Granholm seemed to hold her breath as Summers prepared to deliver his verdict on the new program. Summers had remained neutral during the primaries last year. But he began briefing Obama during daily conference calls after the Lehman Brothers collapse, a moment when a subtle power shift took place in the campaign, away from the political advisers who were helping Obama get elected and toward the policy wonks he would need to help him navigate the recession.
Summers became the hub of this new economic team, one that has made a series of crisis decisions that may prove more consequential than anything else that Obama does in his Presidency. Summers was born in in New Haven, Connecticut, where he lived until he was five. His parents were both economists, and his father taught at Yale, but the family moved to the suburbs of Philadelphia so that he could take a teaching job at the University of Pennsylvania. His father once set up a bidding system to distribute TV-watching times.
When his parents went out in the evening, they often gave Larry a math problem to work on. If they forgot, his mother has recalled, he would rush out the door after them and demand one. Of all the social sciences, the economics profession prides itself on being the most relevant to real-world problems, and Summers was attracted to the links between academic work and public policy. In retrospect, it was a sort of hubristic moment in the economics profession. But what I absorbed was this sense that you could have these huge achievements, and you could do these things that were good for people, and be engaged in the world and in policy, and be doing it in the kind of mathematical and scientific way of thinking that I had always been hugely drawn to.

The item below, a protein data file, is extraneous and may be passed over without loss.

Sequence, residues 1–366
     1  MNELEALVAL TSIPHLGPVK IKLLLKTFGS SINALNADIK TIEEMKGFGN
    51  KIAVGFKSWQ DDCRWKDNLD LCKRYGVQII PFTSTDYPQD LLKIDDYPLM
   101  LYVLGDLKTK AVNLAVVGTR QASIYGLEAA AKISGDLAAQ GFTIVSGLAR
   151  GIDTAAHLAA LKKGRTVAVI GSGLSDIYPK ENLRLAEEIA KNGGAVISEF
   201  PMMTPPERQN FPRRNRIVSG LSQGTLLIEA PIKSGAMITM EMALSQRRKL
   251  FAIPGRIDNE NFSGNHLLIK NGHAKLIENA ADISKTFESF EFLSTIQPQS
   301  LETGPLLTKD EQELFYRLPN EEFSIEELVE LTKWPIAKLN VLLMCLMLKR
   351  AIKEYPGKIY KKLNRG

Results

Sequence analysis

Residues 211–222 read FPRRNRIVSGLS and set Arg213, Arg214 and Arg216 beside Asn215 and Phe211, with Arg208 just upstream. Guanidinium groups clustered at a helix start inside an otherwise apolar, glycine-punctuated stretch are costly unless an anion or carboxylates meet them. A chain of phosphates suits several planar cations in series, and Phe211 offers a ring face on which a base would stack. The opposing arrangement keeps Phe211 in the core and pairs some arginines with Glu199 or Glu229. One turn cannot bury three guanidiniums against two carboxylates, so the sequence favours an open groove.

Larry Summers and the White House economic team.
Raiffa explained how, when faced with a real-world decision, one could use probabilities to quantify even the most difficult choices. Summers graduated from high school a year early, and was accepted at the Massachusetts Institute of Technology. He thought of majoring in math but decided to stick with the family business of economics.
He had a lot to live up to: the previous year, , Paul Samuelson, a former Kennedy adviser, who revolutionized economics by making it a more rigorous and math-based discipline, won the Nobel Prize; in , Kenneth Arrow won it, for his work on the general-economic-equilibrium theory. I came to believe in the power of systems analysis. At that time, economics was being transformed by the computer, which suddenly made enormous data sets readily accessible.
The right way to think about that was that somebody was out of work for eight months. But in the employment data it showed up as two three-month spells of unemployment, which caused people to conclude that most unemployment is due to people who are out of work only for a short time. So why three years to get his Ph. Summers published prolifically and had an army of research assistants who now populate the upper ranks of the profession. Even in the culture of ferocious debate that characterized the economics departments of M.